I wan't to start by sharing some of the good things that have happened. There are so many bad things going on in her body, but I'm starting to see some good things take place in her current condition too.
1.The massive swelling of her entire body is going down and she is returning closer to her normal weight.
2. She is able to stretch out her legs and rest completely as opposed to keeping them drawn up so tight trying to minimize the pain in her abdomen.
3. Her breathing has begun to settle and she is much more peaceful than she has been for the last few days.
4. She is able to remain sitting up for a period of about 20 minutes and interact with us. Asking for drinks, picking out a movie, or playing on her I pad. She hasn't wanted to touch her I pad for over a week.
5. We saw her smile briefly at something she saw on the TV. It was short, but so very sweet. I've missed her smile and her laughter more than anything this last two weeks.
6. She was bossy and grumpy all day long today. It was good to see her so irritated after watching her be so un interested for days.
7. A final determination was made today that we will not be taking her into surgery to operate on the bowel!
8. The team is now trying to figure out how to get us home with her. Its going to be a little messy, but I think it can be done. They began working on the possibility today.
These are the happy things that have taken place in her room today. Small steps, but still steps.
Overall, Ashley's baseline status is very different than what it was two weeks ago. I hope with everything in me that we can get her back to where she was then, but it may not ever happen. I'm trying to prepare for that.
Ashley has a yeast from her gut, the small portion that is left, that has found its way into her central line. Yeast is bad. Its one of the very worst infections a central line patient can get. The only way to rid her of it completely is to pull out the line. This team would like to do a mapping of her veinous system to see if they can find anything patent left, but its too dangerous to put Ashley on the vent at this time. Her body is so weak and she may not have the strength to be taken off of it in addition to the risks of intubation period. They settled on viewing the images and reading the reports done in Omaha back in 2010. There is simply not anything we can do about this other than treat her with the anti fungal and hope that some day it will clear. It is my understanding that they are having a hard time believing there is nothing left to work with because they are told all the time that this child or that child is out of central line access and its not quite the case, but unfortunately it is with Ash. Unless a miracle takes place inside of her body and I'm not convinced that when the time comes that it won't. I'm just holding on to that piece of hope for myself. She is a living, breathing miracle so I know they still take place.
An echo cardiogram was done late this afternoon to look at the heart valves and determine whether or not yeast has made its way there too. I have not seen the results and probably will not know anything until tomorrow. Its very, very important that those valves remain clear of the yeast.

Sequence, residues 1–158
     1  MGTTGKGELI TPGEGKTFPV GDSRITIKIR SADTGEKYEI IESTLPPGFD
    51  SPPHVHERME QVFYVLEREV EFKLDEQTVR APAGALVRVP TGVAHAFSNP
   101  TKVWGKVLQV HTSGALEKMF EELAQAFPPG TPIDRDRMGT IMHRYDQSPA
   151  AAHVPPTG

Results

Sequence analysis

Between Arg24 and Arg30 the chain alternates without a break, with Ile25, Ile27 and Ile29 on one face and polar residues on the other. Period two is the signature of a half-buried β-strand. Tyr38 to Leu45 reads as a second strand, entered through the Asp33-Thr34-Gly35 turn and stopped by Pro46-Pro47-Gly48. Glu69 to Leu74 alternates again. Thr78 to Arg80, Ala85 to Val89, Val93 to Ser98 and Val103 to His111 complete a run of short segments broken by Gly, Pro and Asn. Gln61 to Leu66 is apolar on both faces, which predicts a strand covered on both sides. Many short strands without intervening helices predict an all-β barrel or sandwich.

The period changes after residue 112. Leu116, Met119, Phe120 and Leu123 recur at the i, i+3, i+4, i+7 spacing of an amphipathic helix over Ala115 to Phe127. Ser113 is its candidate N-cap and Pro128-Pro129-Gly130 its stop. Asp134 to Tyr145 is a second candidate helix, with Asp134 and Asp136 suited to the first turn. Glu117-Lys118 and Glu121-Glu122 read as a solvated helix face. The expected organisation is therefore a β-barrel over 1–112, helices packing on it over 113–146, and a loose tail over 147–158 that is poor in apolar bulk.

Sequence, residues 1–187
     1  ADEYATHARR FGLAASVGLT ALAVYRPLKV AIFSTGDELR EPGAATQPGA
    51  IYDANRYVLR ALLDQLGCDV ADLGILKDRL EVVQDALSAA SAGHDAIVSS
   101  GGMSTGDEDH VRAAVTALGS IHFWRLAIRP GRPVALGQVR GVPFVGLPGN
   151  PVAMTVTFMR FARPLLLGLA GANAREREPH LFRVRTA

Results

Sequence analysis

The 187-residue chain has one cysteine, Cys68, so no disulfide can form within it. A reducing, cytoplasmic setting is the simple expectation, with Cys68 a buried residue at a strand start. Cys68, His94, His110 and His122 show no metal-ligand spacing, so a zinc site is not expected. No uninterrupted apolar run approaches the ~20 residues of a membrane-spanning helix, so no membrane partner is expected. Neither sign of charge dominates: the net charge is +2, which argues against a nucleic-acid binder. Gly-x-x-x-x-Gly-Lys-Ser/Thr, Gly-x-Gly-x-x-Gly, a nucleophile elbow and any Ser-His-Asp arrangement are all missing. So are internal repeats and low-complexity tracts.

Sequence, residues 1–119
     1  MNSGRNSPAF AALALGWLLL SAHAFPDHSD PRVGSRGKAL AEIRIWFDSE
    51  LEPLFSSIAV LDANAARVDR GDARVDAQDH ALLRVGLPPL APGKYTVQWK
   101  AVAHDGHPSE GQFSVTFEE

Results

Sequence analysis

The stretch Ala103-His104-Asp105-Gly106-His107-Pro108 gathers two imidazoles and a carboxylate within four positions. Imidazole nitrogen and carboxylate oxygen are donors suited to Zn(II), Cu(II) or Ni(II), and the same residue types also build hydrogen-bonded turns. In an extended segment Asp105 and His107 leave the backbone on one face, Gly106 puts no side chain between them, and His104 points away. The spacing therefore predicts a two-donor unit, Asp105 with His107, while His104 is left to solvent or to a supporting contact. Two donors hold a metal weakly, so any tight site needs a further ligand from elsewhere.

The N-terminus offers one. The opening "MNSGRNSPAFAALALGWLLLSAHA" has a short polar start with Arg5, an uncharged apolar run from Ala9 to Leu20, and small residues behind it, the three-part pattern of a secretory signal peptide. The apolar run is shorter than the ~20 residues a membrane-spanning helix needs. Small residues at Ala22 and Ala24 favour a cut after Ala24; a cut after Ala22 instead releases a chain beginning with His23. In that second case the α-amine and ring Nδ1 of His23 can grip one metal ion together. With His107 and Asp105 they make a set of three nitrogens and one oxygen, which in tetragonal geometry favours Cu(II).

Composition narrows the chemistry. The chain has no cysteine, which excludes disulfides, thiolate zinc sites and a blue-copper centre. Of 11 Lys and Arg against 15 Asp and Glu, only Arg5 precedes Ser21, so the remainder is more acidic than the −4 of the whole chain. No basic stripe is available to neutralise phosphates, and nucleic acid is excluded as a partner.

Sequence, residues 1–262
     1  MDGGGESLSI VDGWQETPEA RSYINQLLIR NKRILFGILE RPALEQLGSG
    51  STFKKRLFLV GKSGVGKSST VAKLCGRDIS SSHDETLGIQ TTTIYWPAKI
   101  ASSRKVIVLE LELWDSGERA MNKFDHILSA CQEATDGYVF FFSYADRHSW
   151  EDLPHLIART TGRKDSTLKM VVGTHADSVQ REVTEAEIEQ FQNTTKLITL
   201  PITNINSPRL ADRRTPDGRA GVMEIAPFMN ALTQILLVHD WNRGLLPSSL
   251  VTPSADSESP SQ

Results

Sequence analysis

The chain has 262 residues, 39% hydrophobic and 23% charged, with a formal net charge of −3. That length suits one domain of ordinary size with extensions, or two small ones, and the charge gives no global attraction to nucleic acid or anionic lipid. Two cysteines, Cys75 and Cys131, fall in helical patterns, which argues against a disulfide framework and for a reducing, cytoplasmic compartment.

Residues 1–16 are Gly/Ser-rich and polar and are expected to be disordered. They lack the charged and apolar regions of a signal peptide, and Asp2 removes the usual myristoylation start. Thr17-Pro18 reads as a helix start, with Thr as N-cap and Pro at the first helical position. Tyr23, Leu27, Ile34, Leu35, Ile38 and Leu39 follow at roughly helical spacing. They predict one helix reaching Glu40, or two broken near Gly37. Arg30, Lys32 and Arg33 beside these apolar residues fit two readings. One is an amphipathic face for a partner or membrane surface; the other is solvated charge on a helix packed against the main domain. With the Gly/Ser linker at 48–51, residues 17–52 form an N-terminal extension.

We have talked with hematology and they are doing a work up on Ashley and trying to help us manage her need for hemoglobin.
The kidney team has started her on some new IV medications that I will be giving her twice a week from now on. Nothing can be done to restore the loss of function in her kidneys and we don't know that we can stop them from declining further but we are going to try in an attempt to keep her from needing dialysis in the future. Her kidney function, or lack there of has been one of the more surprising pieces of information we've learned of. Its something we knew would begin to happen at some point, but I guess we didn't realize it had already begun and the severity of it is more than I would have guessed.
Early this morning I spoke with the surgeon in length and his overall assessment of Ashley Kate and her condition is that it would not end well if ever she needed to be opened up again. It was a hard conversation because I know that our only hope of saving her life would be to open her up for transplant and yet it has a very high probability of taking her from us. What could save her would ultimately kill her. How are we to choose?
I want desperately to take Ashley home and care for her there. Its so hard to be separated from Dave and the kids during this time. They need to be near her and she needs to be near them too. I truly believe it is in her best interest to get her back home as soon as we safely can.
We are still being forced to make the hardest decision of our lives. I can honestly say that Dave and I do not know what to do at this time. We are at a loss. Either way I believe we will lose our sweet Ashley and the thought of that is making me physically ill. There is no way to win for us. Our precious, tiny, gherkin is going to hurt and suffer and struggle no matter what we choose. The prediction made by the transplant surgeon two years ago this July is going to come true, "Ashley will not grow up. She will not survive long enough to be given the opportunity." I wanted so desperately to prove him wrong, and yet he was right.
Those truths are crippling.